According to Nobel Prize winning economist Joseph Stieglitz, “Today, with greater globalization, when the U.S. sneezes, much of the rest of the world, and Latin America in particular, gets the flu or something worse.” It’s in this context that Greece’s debt crisis arose. In just four years, the Greek national debt grew $92 billion. Greece received a $110 billion bailout. Many of the initial austerity measures—1% increase in VAT, large new levies on tobacco and alcohol—paled in comparison to what was to come. Building, banking, real estate, government investments all froze. Market confidence, often synonymous with public fear, increased amidst spending cuts, public sector wage and pension cuts. And it is in this context that Christos Ikonomou places his story collection, Something Will Happen, You’ll See, translated by Karen Emmerich.
“What kind of life can you live when you’re waiting for something bad to save you from something bad?” is one of the many inured observations made by one of Ikonomou’s characters in this series of stories notable both for their economic awareness and haunting plots. The media’s coverage of the debt crisis has really ignored the individual aspect, the family and the worker. Not so with Ikonomou’s collection. In what one may expect to be a politically minded collection with professional protestors making large philosophical pronouncements, Ikonomou’s surprises are delightful. Each story is replete with hunger, lightheaded optimism, and the calculus of poverty. One story, “Come on Ellie, Feed the Pig”, tells of a man who’s rarely home and when he is, he tells his wife to contribute earnings to the piggy bank, in a sort of endless penance to a nebulous god.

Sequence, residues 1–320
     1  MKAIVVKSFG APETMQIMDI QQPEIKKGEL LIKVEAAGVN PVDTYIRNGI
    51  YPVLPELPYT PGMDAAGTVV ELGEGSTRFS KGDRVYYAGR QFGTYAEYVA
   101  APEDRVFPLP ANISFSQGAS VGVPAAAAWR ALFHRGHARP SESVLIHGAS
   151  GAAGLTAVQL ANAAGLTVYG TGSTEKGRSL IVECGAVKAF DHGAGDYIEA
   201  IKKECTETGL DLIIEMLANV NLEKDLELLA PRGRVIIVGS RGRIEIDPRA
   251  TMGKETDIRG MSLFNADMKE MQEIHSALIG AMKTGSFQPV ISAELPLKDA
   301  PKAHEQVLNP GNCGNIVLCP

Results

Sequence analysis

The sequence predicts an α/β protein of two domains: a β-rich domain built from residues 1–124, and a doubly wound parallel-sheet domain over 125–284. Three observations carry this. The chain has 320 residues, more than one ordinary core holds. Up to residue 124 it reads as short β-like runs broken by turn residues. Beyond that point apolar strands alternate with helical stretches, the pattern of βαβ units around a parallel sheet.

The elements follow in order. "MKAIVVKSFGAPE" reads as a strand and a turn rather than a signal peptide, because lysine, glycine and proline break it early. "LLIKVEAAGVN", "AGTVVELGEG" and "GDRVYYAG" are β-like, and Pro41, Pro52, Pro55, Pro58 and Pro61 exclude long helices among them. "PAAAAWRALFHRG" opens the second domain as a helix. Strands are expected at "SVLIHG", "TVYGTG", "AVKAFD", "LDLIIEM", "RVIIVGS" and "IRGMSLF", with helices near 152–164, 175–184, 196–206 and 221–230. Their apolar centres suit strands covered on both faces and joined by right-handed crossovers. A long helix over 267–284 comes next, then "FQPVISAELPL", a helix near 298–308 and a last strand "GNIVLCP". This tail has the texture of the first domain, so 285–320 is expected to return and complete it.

Ikonomou uses typical horror techniques and cinematic imagery: lipstick on mirror, home-alone showers, beady-eyed chain-smokers, an old man swallowing tacks, his son trying out the same, images of chains (albeit, readers find on, on tires, garbage raining down, mantras like “it’s low blood sugar for sure” leading one to believe she may pass out at any moment. Cooking and eating become scary for the reader. There is no escape in the apartment. The reprieve offered by a shower gives hot water and cleanliness that one knows, in time, will just turn cold. The horror shows the individual as the vulnerable nation, a class within itself. It shows the success of propaganda when other potential allies repeat the same anti-working lies spewed by the faceless investor. It shows through shades of terror and a feat of writing, how realism for the rich is a much different story than realism for the poor.
Ikonomou also shows individuals working the calculus of poverty—all the anxiety and arithmetic that goes into eating, and drinking and how to pay for survival. So many characters are struck by the necessity of adding up their bills, their needs, their fears, scribbling it down on palm or paper in a sort of cleansing of the mind that works to abate for a short time the specter of the bill collector or growling stomach.